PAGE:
The Dierya x KEMOVE DK61 Pro is a great wireless, mechanical keyboard. This compact board is an amazing choice for gamers, as it features customizable RGB backlighting, macro-programmable keys, and the Gateron Brown switches on our unit offer a very light experience. However, if you don't like the feel of the Brown switches, you can also get this keyboard with Red or Black switches, which are quiet and linear, or Blue switches, which are loud and clicky. Unfortunately, the companion software isn't very user-friendly, as setting macros and customizing the backlighting can be annoying to figure out. Also, while the latency is decently low over a wired connection, it's terribly high via Bluetooth.
The Dierya DK61E is a remarkable gaming keyboard. The Gateron Brown switches on our unit offer a light and tactile gaming experience. Also, the PBT plastic keycaps feel good to touch and feel stable overall. There's RGB backlighting and programmable macros, but they can only be customized in the companion software, which can be difficult to use. Also, the keyboard lacks any incline settings or a wrist rest and can cause fatigue. Unfortunately, while the latency is decently low over a wired connection, it's terribly high over a Bluetooth connection.
The Dierya DK61E is a great keyboard to use with a mobile device. It can connect over Bluetooth and be paired with up to three devices at once. Unfortunately, we did notice some inconsistencies with the Bluetooth connection, resulting in cases of extreme lag. Also, the latency is terribly high via Bluetooth. While the keyboard is compact, it's quite heavy for its size.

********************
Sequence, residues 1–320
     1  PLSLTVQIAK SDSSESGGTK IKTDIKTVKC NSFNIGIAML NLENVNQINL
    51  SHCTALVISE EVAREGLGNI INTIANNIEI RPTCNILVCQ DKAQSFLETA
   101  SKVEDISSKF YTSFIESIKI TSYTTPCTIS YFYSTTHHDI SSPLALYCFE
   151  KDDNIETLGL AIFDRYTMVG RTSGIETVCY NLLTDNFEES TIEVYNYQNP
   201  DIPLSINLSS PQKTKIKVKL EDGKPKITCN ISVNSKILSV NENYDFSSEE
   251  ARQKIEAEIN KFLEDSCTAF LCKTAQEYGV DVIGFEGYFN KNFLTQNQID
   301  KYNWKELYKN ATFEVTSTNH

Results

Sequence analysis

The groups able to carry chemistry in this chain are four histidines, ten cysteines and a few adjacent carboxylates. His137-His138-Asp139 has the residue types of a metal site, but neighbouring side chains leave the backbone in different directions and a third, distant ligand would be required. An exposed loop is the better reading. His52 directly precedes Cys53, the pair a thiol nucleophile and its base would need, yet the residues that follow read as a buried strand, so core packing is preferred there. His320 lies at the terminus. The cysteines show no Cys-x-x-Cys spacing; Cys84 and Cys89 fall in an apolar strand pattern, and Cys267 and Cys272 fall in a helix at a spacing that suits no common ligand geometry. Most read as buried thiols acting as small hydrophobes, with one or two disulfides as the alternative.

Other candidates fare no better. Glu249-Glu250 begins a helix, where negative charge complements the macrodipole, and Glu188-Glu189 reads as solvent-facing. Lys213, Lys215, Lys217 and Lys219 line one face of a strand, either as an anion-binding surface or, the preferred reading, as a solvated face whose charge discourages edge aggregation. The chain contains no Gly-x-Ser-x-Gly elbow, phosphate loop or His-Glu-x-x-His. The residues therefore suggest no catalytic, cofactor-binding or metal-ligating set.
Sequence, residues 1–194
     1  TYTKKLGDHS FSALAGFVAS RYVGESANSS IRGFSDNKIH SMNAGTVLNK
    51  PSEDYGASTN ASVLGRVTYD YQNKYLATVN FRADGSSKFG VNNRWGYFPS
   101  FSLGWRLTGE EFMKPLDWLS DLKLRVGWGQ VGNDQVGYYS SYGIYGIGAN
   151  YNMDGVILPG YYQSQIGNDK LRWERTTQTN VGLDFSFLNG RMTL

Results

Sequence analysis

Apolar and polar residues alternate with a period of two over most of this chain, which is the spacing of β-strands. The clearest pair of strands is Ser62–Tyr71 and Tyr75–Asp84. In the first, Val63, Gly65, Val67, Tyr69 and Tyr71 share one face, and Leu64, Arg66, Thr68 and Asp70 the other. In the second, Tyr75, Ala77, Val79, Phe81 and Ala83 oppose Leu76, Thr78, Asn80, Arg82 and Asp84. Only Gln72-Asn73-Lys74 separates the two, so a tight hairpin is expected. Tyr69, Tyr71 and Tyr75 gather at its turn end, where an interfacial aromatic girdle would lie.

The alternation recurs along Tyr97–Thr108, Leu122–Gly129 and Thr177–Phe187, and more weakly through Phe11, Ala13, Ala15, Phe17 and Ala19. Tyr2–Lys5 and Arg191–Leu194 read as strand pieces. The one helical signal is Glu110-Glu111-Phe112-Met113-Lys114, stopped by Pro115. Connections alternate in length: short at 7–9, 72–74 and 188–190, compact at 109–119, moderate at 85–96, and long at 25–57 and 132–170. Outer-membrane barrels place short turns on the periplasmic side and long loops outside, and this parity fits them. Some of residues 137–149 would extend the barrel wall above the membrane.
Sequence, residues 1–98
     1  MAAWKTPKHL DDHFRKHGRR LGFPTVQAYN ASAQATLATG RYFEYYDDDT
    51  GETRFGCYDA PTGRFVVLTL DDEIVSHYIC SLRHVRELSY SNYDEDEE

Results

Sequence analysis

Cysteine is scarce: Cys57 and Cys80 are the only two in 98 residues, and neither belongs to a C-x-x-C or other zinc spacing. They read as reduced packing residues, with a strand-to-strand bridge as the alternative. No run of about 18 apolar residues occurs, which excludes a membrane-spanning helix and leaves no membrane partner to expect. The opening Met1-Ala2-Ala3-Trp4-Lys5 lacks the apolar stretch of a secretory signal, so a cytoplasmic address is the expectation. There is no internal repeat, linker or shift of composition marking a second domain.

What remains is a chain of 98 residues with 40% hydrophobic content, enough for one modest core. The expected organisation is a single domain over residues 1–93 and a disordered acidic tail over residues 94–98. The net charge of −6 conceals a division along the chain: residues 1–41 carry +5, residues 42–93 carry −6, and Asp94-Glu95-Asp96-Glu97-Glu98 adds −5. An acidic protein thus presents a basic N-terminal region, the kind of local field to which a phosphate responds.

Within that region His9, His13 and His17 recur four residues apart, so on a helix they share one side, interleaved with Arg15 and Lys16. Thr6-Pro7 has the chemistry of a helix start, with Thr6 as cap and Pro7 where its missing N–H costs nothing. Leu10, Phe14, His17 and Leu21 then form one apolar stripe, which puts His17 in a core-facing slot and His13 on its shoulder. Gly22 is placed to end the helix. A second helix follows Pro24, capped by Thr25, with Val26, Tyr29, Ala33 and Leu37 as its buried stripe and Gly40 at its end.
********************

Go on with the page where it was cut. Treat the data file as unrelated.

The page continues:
The Dierya DK61E is a decent keyboard for office use. The ergonomics are mediocre, as it lacks both a wrist rest and any incline settings, which may result in wrist pain or fatigue. Also, while the latency is decently low over a wired connection, it's terribly high via Bluetooth. On the upside, the Gateron Brown switches provide a great and light typing experience.
The Dierya DK61E is a great keyboard for programmers. There are programmable macros and customizable RGB backlighting, but they can only be modified in the companion software, which isn't very user-friendly. Typing with the Gateron Brown switches feels great due to the light, tactile feedback. Unfortunately, the keyboard has no wrist rest or incline settings, which can lead to fatigue or pain. Also, while the latency is decently low over a wired connection, it's terribly high via Bluetooth.
The Dierya DK61E is decent for use with a home theater PC. It supports Bluetooth and has excellent compatibility. It has media controls through hotkeys, but it lacks a trackpad to control the mouse cursor. There's RGB backlighting, which is great for dark room viewing. Unfortunately, the latency is terribly high via Bluetooth, so there may be a noticeable delay.
The Dierya DK61 can be purchased wired or wirelessly in a wide variety of switches. You can see our unit's label here.
|DK61||Wired-only||Gateron Blue, Black, Brown, Red, Yellow, Silver|
|DK61 Pro||Wired/Wireless||Gateron Blue, Brown, Black, Red|
The Dierya DK61 is a wireless, mechanical compact (60%) keyboard with a great build and PBT plastic keycaps. It can pair with up to three devices, unlike the similar Obinslab Anne Pro 2, which can be paired with up to four devices. Every key is macro-programmable and the RGB backlighting can be customized with the companion software, unlike similar keyboards that require you to do the customization on the boards themselves, such as the Keychron K6. For other options, check out our recommendations for the best RGB keyboards, the best gaming keyboards, and the best mechanical keyboards.